I know all receptacles in a garage require GFCI protection. But what about garage lights? I plan to hard-wire some new wiring to new garage lights and I'm wondering if this circuit needs to be on a GFCI breaker.
NEC 210.8.2 requires all outlets in a garage to be GFCI protected so if your lights are connected by an outlet they need GFCI protection if they are hard wired they do not require GFCI protection. Exhibit 210.10 provides a illustration of this.
Find out if your jurisdiction has adopted NEC 2014 yet. Many haven't, because the requirements for AFCI and GFCI are really, really over the top, especially since the requirements for $40 AFCI basically to cover lazy builders who insist on using backstabs. Pre-2014, garage lights whose receptacles are on the ceiling, and therefore are not readily accessible, do not require GFCI protection.
Most especially, lights should not share GFCI protection with common receptacles, because a tool tripping the GFCI will plunge you into the dark. Now you have a dreadful situation: you are blind, the saw blade is still turning with a lot of energy, and the SawStop's contact detection has lost power, so it will not stop the blade if you get your hand in it.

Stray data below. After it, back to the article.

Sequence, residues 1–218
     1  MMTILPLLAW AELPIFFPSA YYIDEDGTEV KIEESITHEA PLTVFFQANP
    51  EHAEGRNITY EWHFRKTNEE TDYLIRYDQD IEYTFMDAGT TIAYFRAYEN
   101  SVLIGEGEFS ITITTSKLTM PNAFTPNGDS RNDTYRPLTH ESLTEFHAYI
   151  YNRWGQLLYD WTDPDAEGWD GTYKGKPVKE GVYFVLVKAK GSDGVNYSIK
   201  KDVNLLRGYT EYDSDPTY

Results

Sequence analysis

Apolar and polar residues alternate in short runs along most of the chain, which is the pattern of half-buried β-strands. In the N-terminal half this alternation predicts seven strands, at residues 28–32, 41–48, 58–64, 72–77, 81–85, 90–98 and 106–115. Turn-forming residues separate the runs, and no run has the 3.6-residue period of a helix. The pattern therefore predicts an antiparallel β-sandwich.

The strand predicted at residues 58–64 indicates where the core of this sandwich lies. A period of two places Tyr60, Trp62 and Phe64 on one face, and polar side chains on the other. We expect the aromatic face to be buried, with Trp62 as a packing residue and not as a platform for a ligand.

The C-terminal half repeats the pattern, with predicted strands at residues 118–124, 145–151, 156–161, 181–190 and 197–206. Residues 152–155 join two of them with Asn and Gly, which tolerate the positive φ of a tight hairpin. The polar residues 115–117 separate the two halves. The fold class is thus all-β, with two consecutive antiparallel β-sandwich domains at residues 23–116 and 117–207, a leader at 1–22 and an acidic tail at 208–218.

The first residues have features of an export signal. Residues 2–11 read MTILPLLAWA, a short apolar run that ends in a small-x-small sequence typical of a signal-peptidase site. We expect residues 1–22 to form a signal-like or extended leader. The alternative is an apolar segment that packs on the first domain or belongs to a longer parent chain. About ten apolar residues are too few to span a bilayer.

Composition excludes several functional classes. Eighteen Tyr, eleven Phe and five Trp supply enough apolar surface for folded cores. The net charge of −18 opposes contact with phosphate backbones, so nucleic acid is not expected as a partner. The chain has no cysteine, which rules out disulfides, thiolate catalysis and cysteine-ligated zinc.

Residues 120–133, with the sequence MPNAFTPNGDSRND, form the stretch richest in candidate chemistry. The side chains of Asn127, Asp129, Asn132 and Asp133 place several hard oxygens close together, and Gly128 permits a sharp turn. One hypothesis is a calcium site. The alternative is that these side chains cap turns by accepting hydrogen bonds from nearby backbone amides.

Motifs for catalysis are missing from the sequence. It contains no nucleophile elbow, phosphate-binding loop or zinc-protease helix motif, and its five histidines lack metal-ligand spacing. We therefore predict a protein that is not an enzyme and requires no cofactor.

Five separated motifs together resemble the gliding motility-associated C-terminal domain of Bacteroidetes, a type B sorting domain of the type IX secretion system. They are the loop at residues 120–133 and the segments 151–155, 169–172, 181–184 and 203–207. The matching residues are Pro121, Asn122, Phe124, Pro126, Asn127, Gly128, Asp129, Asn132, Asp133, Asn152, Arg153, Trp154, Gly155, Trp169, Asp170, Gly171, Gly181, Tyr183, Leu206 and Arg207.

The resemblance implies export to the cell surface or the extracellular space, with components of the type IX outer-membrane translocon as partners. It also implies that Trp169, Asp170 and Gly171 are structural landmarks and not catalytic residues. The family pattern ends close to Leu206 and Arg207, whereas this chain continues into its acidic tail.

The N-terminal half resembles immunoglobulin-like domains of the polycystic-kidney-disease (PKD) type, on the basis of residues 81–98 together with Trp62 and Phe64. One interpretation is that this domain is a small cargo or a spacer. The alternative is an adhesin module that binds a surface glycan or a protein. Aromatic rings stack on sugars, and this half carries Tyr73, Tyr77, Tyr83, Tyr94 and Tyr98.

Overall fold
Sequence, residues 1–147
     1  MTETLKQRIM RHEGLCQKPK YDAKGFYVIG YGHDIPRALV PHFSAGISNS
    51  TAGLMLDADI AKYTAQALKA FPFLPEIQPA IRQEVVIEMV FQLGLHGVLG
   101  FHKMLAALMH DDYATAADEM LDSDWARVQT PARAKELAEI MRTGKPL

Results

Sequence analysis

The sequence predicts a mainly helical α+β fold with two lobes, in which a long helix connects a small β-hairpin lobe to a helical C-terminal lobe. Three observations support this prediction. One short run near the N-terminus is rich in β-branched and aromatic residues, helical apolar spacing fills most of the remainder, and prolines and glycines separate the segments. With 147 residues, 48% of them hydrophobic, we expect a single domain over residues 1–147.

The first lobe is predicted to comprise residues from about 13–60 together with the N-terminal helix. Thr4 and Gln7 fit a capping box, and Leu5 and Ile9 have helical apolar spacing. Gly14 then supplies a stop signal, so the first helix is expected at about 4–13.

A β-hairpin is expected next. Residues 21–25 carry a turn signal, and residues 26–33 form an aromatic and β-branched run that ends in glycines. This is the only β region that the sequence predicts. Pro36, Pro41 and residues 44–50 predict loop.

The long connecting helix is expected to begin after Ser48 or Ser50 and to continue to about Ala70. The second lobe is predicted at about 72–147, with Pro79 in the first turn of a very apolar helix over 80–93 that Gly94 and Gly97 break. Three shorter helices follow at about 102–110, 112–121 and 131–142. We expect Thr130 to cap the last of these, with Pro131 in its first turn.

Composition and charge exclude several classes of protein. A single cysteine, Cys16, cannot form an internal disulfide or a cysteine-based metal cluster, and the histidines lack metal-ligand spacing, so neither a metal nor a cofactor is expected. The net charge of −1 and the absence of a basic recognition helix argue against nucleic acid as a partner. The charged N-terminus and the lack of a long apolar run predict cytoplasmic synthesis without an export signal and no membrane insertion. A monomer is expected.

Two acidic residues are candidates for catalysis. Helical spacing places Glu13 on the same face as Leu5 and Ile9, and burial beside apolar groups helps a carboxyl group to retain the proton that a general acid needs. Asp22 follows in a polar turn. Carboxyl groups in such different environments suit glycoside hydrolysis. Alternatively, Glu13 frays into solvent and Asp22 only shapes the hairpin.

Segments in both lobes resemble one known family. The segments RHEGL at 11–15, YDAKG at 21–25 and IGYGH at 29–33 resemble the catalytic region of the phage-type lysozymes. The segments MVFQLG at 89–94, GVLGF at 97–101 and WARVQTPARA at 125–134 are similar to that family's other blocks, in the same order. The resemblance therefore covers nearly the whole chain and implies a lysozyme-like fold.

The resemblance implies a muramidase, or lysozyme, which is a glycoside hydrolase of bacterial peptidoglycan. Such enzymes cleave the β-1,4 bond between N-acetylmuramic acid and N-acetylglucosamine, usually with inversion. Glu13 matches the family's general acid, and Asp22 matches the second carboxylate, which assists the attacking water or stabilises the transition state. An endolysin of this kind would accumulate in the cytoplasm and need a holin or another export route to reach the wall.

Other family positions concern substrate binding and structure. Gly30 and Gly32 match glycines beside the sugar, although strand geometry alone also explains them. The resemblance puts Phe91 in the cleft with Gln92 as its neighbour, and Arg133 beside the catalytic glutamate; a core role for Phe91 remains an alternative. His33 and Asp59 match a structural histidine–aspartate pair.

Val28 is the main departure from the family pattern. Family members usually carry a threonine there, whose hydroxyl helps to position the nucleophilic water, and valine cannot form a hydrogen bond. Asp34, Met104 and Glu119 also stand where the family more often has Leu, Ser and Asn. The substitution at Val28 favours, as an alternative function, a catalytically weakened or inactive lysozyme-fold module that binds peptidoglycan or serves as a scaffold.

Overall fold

Here in Italy is mandatory for all (home and home-related) circuits to be RCD-protected.
That's because here we use TT distribution and short-circuit current usually isn't enough to trip the magnetic breaker (short circuit protection). Also because RCD let trough little lower current than MCB so there's big chance of not being killed in case of touch of an active conductor compared with MCB-only protection.
So my suggestion is to install it anyway.